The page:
Tuesday, June 19, 2007
You're Not Obliged to Swallow Anything You Despise
Via my AmFoot colleague Brian Ulrich, this Joshua Foust piece on the likelihood (or lack thereof) of official cooperation between the Iranian government and Taliban militants in Afghanistan covers all of the relevant bases. An excerpt:
One thing I’ve become pretty frustrated by is the U.S.’s insistence that Iran is directly aiding the Taliban. Those accusations, at least by officials in speeches, have been little but: just a throwaway line like “Iran is funding the Taliban” then a quick segue into something about Iraq or Pakistan or Karzai or something. But from what I can tell (and this NYT background piece offers a good overview), it amounts to weak physical evidence and a lot of guess work.That's a pretty lucid, and balanced, assessment. Unfortunately, when its war that's being sold, the appetite for such nuanced dishes is all-too-often in short supply. Instead, we're likely to get the hyper emotional and fear-based fare that helped to seat us at that glorious banquet table in Baghdad. In this regard, Joe Lieberman, the Republican presidential candidates and their cohorts at the Weekly Standard are already serving up the appetizers.
I’m not saying it’s impossible Tehran is actively helping the very people that almost sparked an invasion and outright war between the two countries last decade; I’m saying their differences run deeper, and the consequences of a Taliban win are so much stronger, that I find it difficult to accept without actual evidence that Iran is involved in the weapons trade in western Afghanistan. This is for reasons that vary from religious differences (fanatical Shiism vs. fanatical deobandism) to geopolitical ones—Iran first of all likes Karzai as a friendly leader, and second of all, does not want an emboldened Taliban taking over vast swaths of the country and posing the same threat it did last [decade]. It makes intuitive sense for Iran to fund the Shiite militias in Iraq; it does not make intuitive sense to fund the Sunni militia in Afghanistan.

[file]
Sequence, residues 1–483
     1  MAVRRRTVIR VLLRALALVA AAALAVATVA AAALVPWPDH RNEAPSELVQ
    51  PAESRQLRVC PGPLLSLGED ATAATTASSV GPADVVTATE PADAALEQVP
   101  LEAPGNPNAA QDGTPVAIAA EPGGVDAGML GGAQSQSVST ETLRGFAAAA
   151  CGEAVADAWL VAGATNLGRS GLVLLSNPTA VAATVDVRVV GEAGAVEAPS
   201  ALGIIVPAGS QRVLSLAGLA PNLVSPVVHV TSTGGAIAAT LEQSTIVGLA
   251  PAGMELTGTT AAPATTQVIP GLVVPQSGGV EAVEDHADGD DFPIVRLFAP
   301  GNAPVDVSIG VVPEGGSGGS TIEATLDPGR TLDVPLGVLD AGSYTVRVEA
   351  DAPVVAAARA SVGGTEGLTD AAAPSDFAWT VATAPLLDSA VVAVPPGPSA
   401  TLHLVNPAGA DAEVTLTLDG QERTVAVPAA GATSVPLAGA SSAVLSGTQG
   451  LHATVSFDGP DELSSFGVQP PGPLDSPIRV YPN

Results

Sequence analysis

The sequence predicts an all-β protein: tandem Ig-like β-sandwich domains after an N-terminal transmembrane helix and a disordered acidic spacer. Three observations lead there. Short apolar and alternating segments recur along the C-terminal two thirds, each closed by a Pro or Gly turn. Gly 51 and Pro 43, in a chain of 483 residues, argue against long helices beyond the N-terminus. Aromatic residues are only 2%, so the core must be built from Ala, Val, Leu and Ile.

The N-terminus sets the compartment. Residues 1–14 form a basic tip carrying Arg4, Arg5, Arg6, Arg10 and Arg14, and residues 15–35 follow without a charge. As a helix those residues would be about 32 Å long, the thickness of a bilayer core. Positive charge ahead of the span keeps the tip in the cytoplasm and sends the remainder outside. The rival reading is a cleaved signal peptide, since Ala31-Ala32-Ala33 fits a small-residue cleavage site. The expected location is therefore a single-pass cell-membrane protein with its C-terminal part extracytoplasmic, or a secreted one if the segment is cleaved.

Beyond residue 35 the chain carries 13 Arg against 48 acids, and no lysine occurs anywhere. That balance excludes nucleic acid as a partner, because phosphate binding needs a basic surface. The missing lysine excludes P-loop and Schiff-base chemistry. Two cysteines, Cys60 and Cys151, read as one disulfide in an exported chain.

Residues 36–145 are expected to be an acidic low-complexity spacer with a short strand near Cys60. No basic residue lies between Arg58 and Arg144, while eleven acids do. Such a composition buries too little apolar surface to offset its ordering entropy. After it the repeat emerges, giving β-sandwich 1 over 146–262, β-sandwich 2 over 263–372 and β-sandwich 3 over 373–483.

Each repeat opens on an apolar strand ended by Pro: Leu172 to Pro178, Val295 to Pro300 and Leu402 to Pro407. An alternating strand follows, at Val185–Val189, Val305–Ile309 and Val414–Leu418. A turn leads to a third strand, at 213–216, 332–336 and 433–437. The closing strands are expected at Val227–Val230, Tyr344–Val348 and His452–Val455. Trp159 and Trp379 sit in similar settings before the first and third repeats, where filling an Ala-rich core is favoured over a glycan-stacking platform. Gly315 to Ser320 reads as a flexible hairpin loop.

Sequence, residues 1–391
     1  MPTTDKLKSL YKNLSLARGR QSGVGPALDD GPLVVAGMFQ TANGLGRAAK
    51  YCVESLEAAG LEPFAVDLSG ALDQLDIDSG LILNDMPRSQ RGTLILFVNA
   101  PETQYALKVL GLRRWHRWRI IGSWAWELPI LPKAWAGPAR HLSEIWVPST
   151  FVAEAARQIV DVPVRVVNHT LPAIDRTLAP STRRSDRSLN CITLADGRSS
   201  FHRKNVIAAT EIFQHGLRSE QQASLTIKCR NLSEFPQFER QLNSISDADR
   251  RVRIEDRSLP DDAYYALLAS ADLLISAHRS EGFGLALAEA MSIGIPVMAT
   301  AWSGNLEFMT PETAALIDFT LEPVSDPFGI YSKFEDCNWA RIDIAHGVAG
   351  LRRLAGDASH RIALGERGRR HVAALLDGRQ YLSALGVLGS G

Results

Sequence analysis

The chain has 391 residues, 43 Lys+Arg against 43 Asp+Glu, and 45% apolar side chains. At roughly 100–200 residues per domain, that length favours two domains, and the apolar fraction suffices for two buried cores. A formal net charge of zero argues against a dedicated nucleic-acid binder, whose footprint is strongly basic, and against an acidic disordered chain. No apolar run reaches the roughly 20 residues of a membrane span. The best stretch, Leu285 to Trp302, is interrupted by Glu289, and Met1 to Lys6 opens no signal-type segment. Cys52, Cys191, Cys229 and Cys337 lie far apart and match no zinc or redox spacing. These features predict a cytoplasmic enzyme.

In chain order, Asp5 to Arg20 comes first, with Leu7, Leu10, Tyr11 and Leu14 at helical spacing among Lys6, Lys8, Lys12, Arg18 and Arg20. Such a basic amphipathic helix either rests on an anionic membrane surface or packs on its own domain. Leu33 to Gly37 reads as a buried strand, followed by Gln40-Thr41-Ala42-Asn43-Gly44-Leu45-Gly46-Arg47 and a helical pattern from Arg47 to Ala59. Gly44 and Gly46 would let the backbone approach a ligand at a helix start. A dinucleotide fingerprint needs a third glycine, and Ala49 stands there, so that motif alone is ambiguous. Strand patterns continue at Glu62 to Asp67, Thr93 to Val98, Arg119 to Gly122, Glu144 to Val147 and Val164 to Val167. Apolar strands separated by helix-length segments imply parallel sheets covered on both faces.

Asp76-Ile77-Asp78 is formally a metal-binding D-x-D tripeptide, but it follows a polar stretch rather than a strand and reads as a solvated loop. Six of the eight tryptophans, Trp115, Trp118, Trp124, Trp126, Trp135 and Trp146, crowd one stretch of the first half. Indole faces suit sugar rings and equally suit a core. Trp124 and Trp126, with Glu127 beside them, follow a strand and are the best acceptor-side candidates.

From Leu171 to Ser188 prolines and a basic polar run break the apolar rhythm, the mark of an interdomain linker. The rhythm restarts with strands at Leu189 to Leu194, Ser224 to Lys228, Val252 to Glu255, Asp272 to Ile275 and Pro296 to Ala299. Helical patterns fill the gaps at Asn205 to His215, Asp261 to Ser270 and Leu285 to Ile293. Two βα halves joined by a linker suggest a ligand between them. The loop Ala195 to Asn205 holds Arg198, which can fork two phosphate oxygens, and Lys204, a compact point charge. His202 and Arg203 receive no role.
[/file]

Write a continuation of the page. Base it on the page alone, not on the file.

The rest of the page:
Iran, however, is not above funding Sunnis when it suits their purposes—its support of Hamas has been incredibly successful as a proxy against Israel, and during the Afghan civil war Tehran backed Sunni factions that resisted Taliban rule.
Funding the Taliban just enough to keep the U.S. and NATO off balance and occupied with cooling a simmering countryside seems the most logical guess of the bunch. But even this is fraught with such risk, I would be surprised to see a normally risk-adverse leadership council tempt fate in this way. If Iran gets successfully blamed for American failure in both Iraq and Afghanistan, the temporary ego boost they feel will be quickly tempered by American bombs raining down on every nuclear facility the DoD [and] CIA can find. Furthermore, if Iran does successfully support insurgents in both wars just enough to force an American withdrawal from Iraq and a refocus on Afghanistan, they’re in trouble, as the tables will suddenly turn as Iran must try as hard as it can to keep Iraq from spilling over while not being able to fight a pissed off and determined U.S. by proxy to the east.
In other words, unless an extremely delicate balance is struck between support and neutrality, it is a big time loser strategy for Tehran. If Kabul’s legitimacy is permanently weakened or destroyed, the Taliban go back to having every advantage they had on their first sweep through in 1994.